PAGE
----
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Mapping tonotopic organization in human temporal cortex: representational similarity analysis in EMEG source space.

Su L, Zulfiqar I, Jamshed F, Fonteneau E, Marslen-Wilson W - Front Neurosci (2014)

Bottom Line: We then combined a form of multivariate pattern analysis (representational similarity analysis) with a spatiotemporal searchlight approach to successfully decode information about patterns of neuronal frequency preference and selectivity in bilateral superior temporal cortex.Observed frequency preferences in and around Heschl's gyrus matched current proposals for the organization of tonotopic gradients in primary acoustic cortex, while the distribution of narrow frequency selectivity similarly matched results from the fMRI literature.The spatial maps generated by this novel combination of techniques seem comparable to those that have emerged from fMRI or ECOG studies, and a considerable advance over earlier MEG results.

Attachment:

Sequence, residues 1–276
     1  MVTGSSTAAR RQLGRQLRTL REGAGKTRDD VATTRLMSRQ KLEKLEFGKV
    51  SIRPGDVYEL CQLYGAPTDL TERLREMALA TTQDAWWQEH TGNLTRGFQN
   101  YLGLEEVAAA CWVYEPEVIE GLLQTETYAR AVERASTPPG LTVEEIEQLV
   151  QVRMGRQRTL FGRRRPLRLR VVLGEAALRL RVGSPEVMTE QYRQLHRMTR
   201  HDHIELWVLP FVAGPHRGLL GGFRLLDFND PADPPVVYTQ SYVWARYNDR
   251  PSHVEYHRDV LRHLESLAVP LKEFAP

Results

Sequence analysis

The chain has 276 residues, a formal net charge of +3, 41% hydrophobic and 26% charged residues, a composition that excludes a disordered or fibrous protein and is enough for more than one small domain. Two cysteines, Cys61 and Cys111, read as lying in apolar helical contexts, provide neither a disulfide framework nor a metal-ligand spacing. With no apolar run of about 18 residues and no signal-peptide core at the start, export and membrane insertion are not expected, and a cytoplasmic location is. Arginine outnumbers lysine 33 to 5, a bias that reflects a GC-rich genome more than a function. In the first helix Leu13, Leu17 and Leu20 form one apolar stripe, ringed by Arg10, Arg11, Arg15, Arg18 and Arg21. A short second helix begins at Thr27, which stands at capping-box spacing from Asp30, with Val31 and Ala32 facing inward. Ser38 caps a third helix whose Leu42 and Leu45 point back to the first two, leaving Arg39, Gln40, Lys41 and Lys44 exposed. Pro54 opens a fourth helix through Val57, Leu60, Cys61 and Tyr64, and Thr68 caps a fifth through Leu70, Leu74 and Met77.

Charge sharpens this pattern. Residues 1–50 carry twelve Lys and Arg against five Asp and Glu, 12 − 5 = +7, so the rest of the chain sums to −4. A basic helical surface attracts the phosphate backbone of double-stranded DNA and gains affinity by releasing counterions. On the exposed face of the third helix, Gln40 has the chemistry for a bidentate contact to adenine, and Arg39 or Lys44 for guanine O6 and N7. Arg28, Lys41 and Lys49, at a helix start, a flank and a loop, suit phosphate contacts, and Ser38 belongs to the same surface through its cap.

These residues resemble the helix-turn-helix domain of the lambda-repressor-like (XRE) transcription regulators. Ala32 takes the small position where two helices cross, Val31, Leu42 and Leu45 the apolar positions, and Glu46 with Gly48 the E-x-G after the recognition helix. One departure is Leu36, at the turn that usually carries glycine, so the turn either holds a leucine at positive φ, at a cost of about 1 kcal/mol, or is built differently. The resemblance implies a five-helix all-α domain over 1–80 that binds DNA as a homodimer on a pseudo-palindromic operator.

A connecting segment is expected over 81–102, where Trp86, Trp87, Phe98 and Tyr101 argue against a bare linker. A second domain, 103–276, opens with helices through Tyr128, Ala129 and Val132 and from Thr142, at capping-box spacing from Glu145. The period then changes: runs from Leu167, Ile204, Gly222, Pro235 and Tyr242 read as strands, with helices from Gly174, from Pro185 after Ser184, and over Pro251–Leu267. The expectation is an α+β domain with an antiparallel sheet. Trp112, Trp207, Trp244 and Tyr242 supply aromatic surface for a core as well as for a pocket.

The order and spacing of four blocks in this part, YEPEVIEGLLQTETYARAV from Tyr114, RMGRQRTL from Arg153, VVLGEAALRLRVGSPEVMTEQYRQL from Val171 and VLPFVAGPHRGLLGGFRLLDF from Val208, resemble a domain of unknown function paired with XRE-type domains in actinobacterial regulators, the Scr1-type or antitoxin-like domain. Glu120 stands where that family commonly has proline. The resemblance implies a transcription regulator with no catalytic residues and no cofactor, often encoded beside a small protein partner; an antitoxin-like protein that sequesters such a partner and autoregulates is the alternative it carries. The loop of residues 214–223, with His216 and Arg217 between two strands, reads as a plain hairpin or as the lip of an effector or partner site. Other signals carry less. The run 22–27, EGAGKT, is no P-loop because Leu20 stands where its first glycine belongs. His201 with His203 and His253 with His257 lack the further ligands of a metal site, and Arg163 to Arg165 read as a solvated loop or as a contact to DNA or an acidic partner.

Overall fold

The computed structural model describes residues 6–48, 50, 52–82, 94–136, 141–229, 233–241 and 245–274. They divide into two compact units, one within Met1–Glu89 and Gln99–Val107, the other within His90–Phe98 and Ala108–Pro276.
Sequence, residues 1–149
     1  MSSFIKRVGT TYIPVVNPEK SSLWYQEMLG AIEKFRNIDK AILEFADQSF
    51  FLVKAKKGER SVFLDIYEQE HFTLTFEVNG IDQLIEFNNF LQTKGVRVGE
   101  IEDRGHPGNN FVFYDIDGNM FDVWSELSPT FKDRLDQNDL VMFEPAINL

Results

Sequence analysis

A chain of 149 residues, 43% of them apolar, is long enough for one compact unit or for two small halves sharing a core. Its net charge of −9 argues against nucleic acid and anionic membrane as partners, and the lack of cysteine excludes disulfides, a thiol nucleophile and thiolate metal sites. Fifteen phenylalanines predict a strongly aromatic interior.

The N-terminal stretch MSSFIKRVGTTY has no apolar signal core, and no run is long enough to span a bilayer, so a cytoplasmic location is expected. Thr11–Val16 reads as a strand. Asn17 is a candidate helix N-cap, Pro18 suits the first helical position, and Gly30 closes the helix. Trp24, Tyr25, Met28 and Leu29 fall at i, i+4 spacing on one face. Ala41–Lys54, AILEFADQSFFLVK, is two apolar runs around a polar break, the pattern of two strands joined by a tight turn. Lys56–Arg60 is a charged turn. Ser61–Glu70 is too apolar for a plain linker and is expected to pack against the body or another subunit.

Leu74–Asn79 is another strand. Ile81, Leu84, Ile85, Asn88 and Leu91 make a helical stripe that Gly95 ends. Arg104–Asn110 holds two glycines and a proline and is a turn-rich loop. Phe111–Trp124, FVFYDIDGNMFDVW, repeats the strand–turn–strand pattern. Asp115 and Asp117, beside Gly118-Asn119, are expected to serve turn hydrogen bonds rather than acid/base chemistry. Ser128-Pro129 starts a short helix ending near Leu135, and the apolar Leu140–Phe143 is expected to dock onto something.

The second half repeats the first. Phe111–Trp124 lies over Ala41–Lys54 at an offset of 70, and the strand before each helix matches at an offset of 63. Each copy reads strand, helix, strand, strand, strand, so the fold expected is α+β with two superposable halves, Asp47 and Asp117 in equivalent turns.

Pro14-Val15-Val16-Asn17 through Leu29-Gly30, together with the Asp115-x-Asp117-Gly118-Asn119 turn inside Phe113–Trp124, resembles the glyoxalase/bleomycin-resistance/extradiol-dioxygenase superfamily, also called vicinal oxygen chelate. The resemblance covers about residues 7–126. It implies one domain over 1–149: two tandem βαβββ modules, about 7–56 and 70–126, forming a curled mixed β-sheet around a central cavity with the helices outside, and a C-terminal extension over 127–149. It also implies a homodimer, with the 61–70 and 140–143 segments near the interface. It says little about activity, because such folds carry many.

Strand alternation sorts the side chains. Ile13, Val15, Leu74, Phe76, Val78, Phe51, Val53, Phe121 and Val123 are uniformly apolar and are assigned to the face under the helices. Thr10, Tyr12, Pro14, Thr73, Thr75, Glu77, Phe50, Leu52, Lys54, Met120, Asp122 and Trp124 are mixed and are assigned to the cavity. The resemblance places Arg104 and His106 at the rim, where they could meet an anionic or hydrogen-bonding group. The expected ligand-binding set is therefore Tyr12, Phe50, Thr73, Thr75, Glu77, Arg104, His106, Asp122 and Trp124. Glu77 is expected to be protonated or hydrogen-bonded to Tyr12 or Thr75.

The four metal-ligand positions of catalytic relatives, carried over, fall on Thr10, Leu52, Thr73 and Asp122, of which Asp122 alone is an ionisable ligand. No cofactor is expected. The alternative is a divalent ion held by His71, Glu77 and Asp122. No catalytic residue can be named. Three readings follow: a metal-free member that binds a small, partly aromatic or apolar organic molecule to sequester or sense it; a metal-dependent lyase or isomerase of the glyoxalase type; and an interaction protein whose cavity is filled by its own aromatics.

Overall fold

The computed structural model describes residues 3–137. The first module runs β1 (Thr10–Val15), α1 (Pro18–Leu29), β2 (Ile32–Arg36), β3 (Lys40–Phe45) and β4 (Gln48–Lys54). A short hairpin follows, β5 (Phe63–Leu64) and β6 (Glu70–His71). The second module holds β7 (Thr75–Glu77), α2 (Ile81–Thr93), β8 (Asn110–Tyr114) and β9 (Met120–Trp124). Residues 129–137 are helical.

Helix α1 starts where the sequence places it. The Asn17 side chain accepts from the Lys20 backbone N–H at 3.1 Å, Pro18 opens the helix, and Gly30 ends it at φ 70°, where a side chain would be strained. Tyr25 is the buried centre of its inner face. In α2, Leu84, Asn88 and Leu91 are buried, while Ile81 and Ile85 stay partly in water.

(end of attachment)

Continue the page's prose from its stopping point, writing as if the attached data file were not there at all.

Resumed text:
View Article: PubMed Central - PubMed

Affiliation: Department of Psychiatry, University of Cambridge Cambridge, UK ; Department of Psychology, University of Cambridge Cambridge, UK.

ABSTRACT